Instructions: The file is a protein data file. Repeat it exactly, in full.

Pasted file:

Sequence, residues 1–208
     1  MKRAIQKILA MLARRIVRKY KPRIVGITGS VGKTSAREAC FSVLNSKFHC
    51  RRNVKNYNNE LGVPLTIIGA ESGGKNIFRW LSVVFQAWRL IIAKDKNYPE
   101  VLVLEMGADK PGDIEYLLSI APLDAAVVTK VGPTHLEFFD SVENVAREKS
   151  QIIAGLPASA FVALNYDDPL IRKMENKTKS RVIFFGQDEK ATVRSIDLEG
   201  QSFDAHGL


Sequence, residues 1–208
     1  MKRAIQKILA MLARRIVRKY KPRIVGITGS VGKTSAREAC FSVLNSKFHC
    51  RRNVKNYNNE LGVPLTIIGA ESGGKNIFRW LSVVFQAWRL IIAKDKNYPE
   101  VLVLEMGADK PGDIEYLLSI APLDAAVVTK VGPTHLEFFD SVENVAREKS
   151  QIIAGLPASA FVALNYDDPL IRKMENKTKS RVIFFGQDEK ATVRSIDLEG
   201  QSFDAHGL